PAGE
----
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White House Makes Presidential Disaster Declaration For Two Oregon Counties

Wolfram Burner

The Trump administration has issued a federal disaster declaration for Lane and Josephine counties, for damages incurred during December’s major ice storm.  As KLCC’s Brian Bull reports, it’s welcome news for regional utilities, school districts, and government agencies. 

The ice storm caused widespread power outages, massive pileups of debris, and many schools and offices to shut down.  Assessed damages came to nearly $9.5 million.

With President Trump’s declaration, the federal government could cover up to 75 percent of those costs for affected agencies.

Credit Wolfram Burner / Flickr.com
Traffic courses through a damaged intersection near the U of O after last month's massive ice storm.

Linda Cook is the Lane County Emergency Manager. She told KLCC earlier this month how crucial a presidential declaration would be for easing the cost of recovery.  

“It’s really important for our local agencies to get this type of cost reimbursement so that the budgets of these agencies can stay whole," says Cook.  

"And they’re not having to divert money away from budgeted programs to having to cover these unexpected, extraordinary storm expenses.” 

Eligible agencies include EWEB, the Springfield Utility District, and the University of Oregon.  Cook expects to have more information later this week.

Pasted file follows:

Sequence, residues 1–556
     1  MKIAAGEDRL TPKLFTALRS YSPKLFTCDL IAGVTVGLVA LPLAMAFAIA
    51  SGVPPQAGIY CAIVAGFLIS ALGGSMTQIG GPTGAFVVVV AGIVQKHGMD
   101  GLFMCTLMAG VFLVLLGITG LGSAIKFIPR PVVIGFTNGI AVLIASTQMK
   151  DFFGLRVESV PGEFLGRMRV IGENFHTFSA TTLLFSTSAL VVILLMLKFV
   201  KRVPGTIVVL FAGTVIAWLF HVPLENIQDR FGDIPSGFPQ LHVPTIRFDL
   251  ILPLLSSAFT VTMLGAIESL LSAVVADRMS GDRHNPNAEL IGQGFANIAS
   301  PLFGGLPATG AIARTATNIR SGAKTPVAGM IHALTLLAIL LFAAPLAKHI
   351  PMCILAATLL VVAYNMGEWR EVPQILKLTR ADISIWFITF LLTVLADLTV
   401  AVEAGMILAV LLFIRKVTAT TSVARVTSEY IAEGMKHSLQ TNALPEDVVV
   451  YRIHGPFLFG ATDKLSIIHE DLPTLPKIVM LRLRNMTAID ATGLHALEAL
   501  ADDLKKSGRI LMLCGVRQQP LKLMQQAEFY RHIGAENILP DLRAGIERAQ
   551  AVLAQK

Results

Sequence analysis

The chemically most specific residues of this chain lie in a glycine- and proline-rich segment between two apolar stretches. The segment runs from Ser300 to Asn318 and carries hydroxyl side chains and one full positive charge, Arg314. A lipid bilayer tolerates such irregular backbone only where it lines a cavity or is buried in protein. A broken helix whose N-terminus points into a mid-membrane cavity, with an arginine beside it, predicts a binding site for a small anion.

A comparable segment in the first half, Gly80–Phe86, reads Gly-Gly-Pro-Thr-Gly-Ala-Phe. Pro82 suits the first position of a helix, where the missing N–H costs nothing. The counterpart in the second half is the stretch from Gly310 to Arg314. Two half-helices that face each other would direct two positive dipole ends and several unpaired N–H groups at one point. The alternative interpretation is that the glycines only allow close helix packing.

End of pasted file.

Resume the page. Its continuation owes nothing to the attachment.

EWEB spokesman Joe Harwood says their response cost them more than 4 million dollars, mostly in labor.

Credit Brian Bull / KLCC
Utility crews remove frozen branches surrounding a power line.

“It’s a scary deal to be out there when the tree tops, and ‘widow makers’, and everything else is falling down," he tells KLCC.  "That’s always going to slow us down, we want to make sure everyone gets home at night.” 

Harwood says it’s one of the worst storms he’s seen in decades.

Brian Bull joined the KLCC News Team in June 2016. In his 25+ years as a public media journalist, he's worked at NPR, Twin Cities Public Television, South Dakota Public Broadcasting, Wisconsin Public Radio, and ideastream in Cleveland. His reporting has netted dozens of accolades, including four national Edward R. Murrow Awards (22 regional), the Ohio Associated Press' Best Reporter Award, Best Radio Reporter from the Native American Journalists Association, and the PRNDI/NEFE Award for Excellence in Consumer Finance Reporting.
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